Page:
What are the obvious tell-tale signs of a fake sneaker?
This has been a big topic of discussion lately, and while I can’t give away all the details, we use a strict data-driven process to inspect various aspects of each sneaker sold on eBay, including logo placement, stitching, leather quality, and even smell.
The authentication process starts before you even open the shoe box. The colour and any printed patterns on it are some of the most difficult details for counterfeiters to match, so it’s a great place to start. Additionally, the box label itself has so much detail that is difficult to counterfeit, such as matching fonts and spacing perfectly, the cut on the edges of the label, and even the type of texture of the print. Counterfeiters often focus on the sneaker itself, and don’t put in the effort or resources to match the packaging exactly.
The smell of the sneaker is another tell-tale sign. If you smell enough authentic pairs, when a fake shows up you just know it. It’s that ‘brand new’ smell everyone knows. You might not be able to pinpoint a specific scent but you’ll know you like the smell of newly manufactured leather, suede, plastic, rubber, etc. Each shoe is made up of a mixture of materials that give it a unique smell. Counterfeiters often cut production costs by using cheaper materials on the interior parts of the shoe (places most buyers wouldn’t notice) like the glue for binding a sole to the upper of a shoe, the insoles, and/or the inner lining. This is what makes fake shoes smell so different from authentic ones.
I have held, smelled and examined enough sneakers to say confidently that I won’t be duped by a fake. And I will use my knowledge and experience to ensure that no one purchasing on eBay will be duped either.
What is your process for authenticating vintage sneakers?
There are some differences between authenticating older sneakers but the principles are largely the same. Anything prior to the year 2000 was actually pretty easy to authenticate because the sneaker resale market was still very young and the counterfeiters weren’t as invested in developing the newer, more sophisticated methods of manufacturing. The most important difference in the process is concerning ageing. Any shoe produced before 2005 is bound to have some sole separation, plastic parts cracking or paint chipping, so we handle them with the utmost care, holding them by the tongue and ankle collar (a secure area of the upper) and gently from the outsole (watching for separation and cracking). It is very important that the authentication process does not affect the integrity of the shoe.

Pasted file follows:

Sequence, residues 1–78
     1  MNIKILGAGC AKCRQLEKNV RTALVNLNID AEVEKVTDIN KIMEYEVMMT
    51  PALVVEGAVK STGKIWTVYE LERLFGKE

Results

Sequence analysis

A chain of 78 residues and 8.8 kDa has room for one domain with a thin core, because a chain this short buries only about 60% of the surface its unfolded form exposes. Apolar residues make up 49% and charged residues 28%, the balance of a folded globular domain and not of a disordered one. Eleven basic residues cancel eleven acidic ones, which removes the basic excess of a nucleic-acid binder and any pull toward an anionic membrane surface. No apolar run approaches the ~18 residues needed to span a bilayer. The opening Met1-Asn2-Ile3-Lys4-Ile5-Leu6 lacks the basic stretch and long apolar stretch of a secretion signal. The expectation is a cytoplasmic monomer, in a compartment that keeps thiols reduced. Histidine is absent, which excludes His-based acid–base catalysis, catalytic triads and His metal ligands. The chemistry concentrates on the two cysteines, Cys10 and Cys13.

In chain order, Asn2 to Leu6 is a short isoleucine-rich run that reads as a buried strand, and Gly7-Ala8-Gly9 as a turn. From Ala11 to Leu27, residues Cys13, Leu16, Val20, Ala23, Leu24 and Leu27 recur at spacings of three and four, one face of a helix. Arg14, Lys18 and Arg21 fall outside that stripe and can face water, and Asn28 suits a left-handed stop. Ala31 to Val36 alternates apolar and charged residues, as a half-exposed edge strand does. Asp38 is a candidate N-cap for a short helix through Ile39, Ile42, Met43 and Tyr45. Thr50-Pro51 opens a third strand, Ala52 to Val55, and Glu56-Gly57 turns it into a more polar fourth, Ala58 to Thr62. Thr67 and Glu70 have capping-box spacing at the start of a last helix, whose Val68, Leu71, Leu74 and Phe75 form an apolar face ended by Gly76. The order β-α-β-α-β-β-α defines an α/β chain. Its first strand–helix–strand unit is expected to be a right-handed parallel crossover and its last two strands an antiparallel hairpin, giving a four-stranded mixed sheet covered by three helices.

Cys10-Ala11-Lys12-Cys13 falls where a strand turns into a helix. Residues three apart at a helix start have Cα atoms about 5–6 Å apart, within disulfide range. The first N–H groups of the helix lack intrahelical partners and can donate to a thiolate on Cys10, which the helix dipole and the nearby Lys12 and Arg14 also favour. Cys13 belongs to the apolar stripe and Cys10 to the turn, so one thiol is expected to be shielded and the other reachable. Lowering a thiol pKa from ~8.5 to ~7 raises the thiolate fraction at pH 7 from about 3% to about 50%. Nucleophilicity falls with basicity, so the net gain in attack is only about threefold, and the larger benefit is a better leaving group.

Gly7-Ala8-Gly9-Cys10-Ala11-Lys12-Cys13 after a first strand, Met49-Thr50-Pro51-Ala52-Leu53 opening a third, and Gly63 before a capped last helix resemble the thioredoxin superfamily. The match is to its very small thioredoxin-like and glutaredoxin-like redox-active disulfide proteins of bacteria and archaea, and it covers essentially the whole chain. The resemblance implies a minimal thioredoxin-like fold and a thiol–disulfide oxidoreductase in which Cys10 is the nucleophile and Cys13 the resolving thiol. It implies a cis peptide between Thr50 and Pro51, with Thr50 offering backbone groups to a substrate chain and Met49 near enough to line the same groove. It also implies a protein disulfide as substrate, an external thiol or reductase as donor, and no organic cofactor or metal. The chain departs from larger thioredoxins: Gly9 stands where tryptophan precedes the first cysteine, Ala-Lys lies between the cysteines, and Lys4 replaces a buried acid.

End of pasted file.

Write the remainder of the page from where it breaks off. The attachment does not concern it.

In your mind, why is it so important to stamp out fakes from the sneaker market?
Sneakers are not just something you wear – they’re a form of art and often an investment. And just as you wouldn’t want fake gold jewellery or fake diamonds that are of poor quality or worthless, counterfeit sneakers are the same. From getting lucky in a raffle to finally landing a holy grail, so much of the fun of being part of the sneaker community is the thrill of discovery and being able to share that with others. And you don’t want that experience cheapened by someone trying to make a quick buck.
Unless you are buying from the retail locations authorised by the manufacturer, you can’t place 100 per cent of your trust in an item unless it’s authenticated by a credible source. And as fakes get more sophisticated, it’s important to seek out professional authentication.
We’re working with eBay to tackle the issue of fakes head on with eBay’s Authenticity Guarantee – giving sneakerheads peace of mind when shopping for sneakers in Australia.